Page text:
Dear John,

I think the primary defining characteristic is the 3-way partitioning of water 
into liquid, vapor and solid phases. The existing CF standard names referring 
to liquid and vapor phases (e.g. cloud_liquid_water_mixing_ratio, 
rainfall_flux, atmosphere_moles_of_water_vapor, humidity_mixing_ratio) do not 
provide any explanation of the precise definition of these terms -- it is 
assumed that people know what is meant. This is OK if we are not looking at the 
edge cases (e.g. the aggregations of water molecules which occur in vapor at 
high humidity or the details of stratospheric aerosols) -- I'm not an expert 
here either, so I hope we can omit that level of detail here. Existing names 
make reference to snow, hail, graupel, cloud ice and water content of aerosols 
-- I'm not sure it this is 100% complete, but perhaps it is enough to list 
these. Will the following meet your concern:

"Solid precipitation refers to the precipitation of water in the solid phase. 
Water in the atmosphere exists in one of three phases: solid, liquid or vapor. 
The solid phase can exist as snow, hail, graupel, cloud ice, or as a component 
of aerosol."


regards,

Martin


________________________________
From: John Graybeal <jbgrayb...@mindspring.com>
Sent: 13 April 2018 06:32
To: CF Metadata List
Cc: Jonathan Gregory; Juckes, Martin (STFC,RAL,RALSP)
Subject: Re: [CF-metadata] CMIP6 data request: Precipitation of solid phase 
water

I agree with Martin, use solid for atmosphere and frozen for soil. It doesn’t 
jump out at me that solid water is (umm, almost?) always frozen, even though 
it’s obvious that frozen water is always solid.

I think it would be useful if the definition listed the forms (and pathways) 
that solid water can take, so that those of us less atmospherically advanced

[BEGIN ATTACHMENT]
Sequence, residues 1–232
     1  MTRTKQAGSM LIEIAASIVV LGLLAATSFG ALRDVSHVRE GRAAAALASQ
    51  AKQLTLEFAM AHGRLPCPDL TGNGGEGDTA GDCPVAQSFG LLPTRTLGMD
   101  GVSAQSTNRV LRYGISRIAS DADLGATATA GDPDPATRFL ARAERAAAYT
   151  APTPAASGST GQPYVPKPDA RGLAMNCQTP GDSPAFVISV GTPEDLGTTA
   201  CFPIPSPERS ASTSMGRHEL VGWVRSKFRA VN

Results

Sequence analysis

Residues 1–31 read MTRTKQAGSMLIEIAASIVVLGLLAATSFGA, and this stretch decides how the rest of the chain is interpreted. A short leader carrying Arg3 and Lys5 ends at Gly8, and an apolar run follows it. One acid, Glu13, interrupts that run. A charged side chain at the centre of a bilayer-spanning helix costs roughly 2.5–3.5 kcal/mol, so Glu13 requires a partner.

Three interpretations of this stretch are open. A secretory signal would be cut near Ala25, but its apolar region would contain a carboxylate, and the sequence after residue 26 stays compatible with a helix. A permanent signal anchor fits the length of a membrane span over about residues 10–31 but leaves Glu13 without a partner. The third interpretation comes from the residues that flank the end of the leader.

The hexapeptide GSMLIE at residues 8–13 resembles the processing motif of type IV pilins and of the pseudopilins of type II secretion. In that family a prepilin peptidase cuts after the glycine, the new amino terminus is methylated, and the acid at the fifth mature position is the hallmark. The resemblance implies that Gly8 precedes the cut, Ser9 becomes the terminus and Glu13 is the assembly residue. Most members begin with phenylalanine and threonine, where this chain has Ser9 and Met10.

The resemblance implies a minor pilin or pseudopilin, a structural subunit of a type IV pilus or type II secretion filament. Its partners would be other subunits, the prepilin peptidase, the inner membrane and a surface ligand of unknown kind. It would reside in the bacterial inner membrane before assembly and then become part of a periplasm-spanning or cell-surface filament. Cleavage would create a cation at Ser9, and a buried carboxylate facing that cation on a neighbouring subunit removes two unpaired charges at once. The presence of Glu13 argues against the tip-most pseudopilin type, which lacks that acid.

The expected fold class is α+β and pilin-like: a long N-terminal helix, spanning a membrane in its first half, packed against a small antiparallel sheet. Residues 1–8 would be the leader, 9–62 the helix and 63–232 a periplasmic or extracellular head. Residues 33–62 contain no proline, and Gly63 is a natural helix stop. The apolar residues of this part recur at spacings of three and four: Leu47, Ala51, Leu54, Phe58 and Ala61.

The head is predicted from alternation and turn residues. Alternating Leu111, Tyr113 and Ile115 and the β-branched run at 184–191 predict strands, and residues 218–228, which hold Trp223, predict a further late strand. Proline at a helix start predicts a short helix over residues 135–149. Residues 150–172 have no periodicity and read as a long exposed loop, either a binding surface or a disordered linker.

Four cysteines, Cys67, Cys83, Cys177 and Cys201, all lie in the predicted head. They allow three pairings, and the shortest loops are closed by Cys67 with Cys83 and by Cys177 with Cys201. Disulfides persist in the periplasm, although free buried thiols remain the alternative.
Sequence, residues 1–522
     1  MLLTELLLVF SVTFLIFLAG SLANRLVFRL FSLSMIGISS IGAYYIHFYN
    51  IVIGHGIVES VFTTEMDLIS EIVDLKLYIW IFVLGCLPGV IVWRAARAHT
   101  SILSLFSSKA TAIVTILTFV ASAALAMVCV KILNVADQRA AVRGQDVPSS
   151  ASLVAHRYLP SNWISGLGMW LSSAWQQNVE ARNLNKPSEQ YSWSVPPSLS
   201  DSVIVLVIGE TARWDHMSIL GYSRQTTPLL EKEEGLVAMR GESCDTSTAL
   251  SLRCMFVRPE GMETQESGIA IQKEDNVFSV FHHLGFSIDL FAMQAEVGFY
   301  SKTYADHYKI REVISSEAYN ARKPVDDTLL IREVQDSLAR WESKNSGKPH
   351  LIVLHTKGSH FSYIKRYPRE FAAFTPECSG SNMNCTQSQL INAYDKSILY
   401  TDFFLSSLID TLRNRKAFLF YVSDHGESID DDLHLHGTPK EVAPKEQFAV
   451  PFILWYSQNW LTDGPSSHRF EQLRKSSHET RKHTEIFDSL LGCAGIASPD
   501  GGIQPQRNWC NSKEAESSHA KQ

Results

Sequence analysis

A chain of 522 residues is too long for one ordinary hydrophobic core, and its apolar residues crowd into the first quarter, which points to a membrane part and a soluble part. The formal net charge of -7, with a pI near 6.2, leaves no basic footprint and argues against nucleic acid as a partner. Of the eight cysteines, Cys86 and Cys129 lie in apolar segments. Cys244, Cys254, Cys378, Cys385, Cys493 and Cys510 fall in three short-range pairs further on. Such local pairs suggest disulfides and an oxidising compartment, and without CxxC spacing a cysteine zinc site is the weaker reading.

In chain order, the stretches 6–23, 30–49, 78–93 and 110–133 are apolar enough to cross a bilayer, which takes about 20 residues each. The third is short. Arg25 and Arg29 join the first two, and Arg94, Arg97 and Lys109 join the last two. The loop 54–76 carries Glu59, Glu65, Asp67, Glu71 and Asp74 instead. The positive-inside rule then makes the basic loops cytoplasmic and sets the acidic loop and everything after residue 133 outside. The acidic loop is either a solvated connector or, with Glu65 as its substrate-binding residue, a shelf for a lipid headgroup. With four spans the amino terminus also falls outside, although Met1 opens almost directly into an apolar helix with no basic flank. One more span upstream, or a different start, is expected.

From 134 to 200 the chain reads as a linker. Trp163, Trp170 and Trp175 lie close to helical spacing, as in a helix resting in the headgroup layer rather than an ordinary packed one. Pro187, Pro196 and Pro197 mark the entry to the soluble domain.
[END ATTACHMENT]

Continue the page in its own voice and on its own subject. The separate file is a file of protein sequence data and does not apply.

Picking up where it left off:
will be able to appreciate what it’s meant to include.

john

---------------------------------------
John Graybeal
jbgrayb...@mindspring.com


> On Apr 6, 2018, at 23:49, Martin Juckes - UKRI STFC 
> <martin.juc...@stfc.ac.uk> wrote:
>
> Dear Jonathan,
>
>
> my vote would be to leave soil water terms unchanged and allow the use of 
> "solid" in the atmosphere.  There is sufficient difference between the 
> behaviour of water in soil and in the atmosphere to justify, in my mind, this 
> slight divergence in usage. After all, solid water from the atmosphere can 
> only become frozen soil water, I believe, by melting, sinking into the soil 
> and then re-freezing,
>
>
> regards,
>
> Martin
>
>
> ________________________________
> From: CF-metadata <cf-metadata-boun...@cgd.ucar.edu> on behalf of Jonathan 
> Gregory <j.m.greg...@reading.ac.uk>
> Sent: 06 April 2018 16:38
> To: cf-metadata@cgd.ucar.edu
> Subject: Re: [CF-metadata] CMIP6 data request: Precipitation of solid phase 
> water
>
> Dear Martin
>
> I agree with you that frozen_precipitation_flux seems a bit more surprising in
> some way than solid_precipitation_flux. If we put "solid" instead of "frozen",
> should we change (by alias) the existing names that have "frozen", which are
>
> frozen_water_content_of_soil_layer
> lwe_thickness_of_frozen_water_content_of_soil_layer
> mass_fraction_of_frozen_water_in_soil_moisture
> mass_fraction_of_unfrozen_water_in_soil_moisture